• Childhood 2.0 (2020)

Childhood 2.0

Childhood 2.0 is about the navigation of children as they grow up in the digital age. It features real parents and kids as well as industry-leading experts in child safety and development. They talked about a profound transformation in the children, especially when placed in contrast to the carefree beginnings of the parents. The children have also shared their thoughts about the overpowering attraction towards their devices, the pressures these devices place on them in their daily lives, and the challenge they face when they try to abandon them altogether. The kids are being a victim of issues like cyberbullying, online predators, suicidal ideation, and more. With exceptional clarity, the documentary diagnosis the scope of the dilemma and addresses the requirement to slow down and take stock before we reach a point of no return.

  • The Great Hack (2019)

The Great Hack

The Great Hack tries to get to the bottom of a data humiliation that happened in 2018. Cambridge Analytica, a British political consulting firm, was in news a lot in 2018. As per the news, Facebook had traded the personal information of its millions of users without their consent to the data company. Its agenda was targeted towards political advertising, which elevated fingers on the ethicality of Facebook's privacy policy. The documentary presents an explanation for the dishonour by displaying accounts by professor David Carroll, British investigative journalist Carole Cadwalladr, and former business development director for Cambridge Analytica, Brittany Kaiser.

  • The Creepy Line (2018)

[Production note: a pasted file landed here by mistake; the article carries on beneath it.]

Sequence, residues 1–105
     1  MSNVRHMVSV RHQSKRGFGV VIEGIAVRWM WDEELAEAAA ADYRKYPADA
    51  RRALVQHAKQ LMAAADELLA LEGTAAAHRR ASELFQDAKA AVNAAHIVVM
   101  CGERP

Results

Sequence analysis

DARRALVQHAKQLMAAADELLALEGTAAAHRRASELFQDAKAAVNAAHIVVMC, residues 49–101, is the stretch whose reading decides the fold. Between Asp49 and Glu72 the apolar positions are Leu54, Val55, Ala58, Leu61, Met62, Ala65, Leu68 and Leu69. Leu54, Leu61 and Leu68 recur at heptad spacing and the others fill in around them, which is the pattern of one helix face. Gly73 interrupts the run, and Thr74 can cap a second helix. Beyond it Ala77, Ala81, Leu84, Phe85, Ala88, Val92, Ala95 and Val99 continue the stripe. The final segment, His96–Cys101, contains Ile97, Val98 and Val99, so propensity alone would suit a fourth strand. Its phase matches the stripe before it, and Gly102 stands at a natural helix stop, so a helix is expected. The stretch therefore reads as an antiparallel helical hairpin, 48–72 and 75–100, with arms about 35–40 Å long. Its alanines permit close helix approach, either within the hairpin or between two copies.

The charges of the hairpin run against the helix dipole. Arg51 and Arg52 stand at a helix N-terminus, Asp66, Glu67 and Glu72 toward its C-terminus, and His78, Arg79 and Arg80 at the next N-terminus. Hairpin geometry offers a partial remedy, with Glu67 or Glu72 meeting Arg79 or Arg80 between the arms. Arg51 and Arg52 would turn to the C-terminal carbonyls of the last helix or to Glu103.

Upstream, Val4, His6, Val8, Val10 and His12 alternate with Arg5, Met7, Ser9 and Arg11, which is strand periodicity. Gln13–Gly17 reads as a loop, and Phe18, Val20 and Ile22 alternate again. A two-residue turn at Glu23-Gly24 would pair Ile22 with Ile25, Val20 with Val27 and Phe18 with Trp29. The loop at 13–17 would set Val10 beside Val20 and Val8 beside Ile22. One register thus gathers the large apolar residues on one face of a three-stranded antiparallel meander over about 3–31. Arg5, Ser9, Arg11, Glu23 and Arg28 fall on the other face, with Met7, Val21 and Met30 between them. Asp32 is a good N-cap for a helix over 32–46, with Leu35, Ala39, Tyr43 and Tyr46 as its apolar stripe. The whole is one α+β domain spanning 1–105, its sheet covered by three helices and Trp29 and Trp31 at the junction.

The Creepy Line

"A film that Google would not want you to see" - Best for Fest. The Creepy Line reveals that how society is manipulated by Google and Facebook and the power of the tech giants which is not in control of national government legislation. The title is culled from a quote of Eric Schmidt, former Google CEO, “The Google policy on a lot of things is to get right up to the creepy line and not cross it.” The documentary shows the discussion about data privacy and control further than ever before by examining what Google and Facebook do once, they control a user’s data. The data were used and sold for multiple purposes, such as marketing, mould, massage and manipulate the public consciousness while influencing opinion on a vast scale. The goal of doing all this is to transform society to fit their worldview. 

  • The Internet's Own Boy: The Story of Aaron Swartz (2014)

The Internet Boy

The Internet's Own Boy: The Story of Aaron Swartz is a biographical documentary of an American computer programming genius and Internet activist Aaron Swartz. It follows the story from Swartz's assistance in the development of the basic internet protocol RSS to his co-founding of Reddit, his fingerprints are all over the internet. However, Swartz’s revolutionary effort for social justice and political organization come together with his aggressive approach to information access. It apprehended him in a two-year legal nightmare. The war had ended with his own life at the age of 26. The story hit a nerve with people of the online communities as well as beyond it. It clarifies the idea of what we lose when we are tone deaf about technology and its relationship to our civil liberties.

“While we think these platforms are connecting us to the world, they’re actually separating us from reality. Each of us lives and learns inside a personalized filter bubble that changes – and radicalizes – how we function in society.” – Jeff Orlowski, The Social Dilemma Director. 

Indeed, documentaries are appreciable to explore the dark side of technology and social media. It’s scary considering some of the situations are highly relatable. But these documentaries made us question things that have been so normalised. It is important to limit our dependence on social media platforms and the need to live life outside of the screen too. It is always better to look before you leap.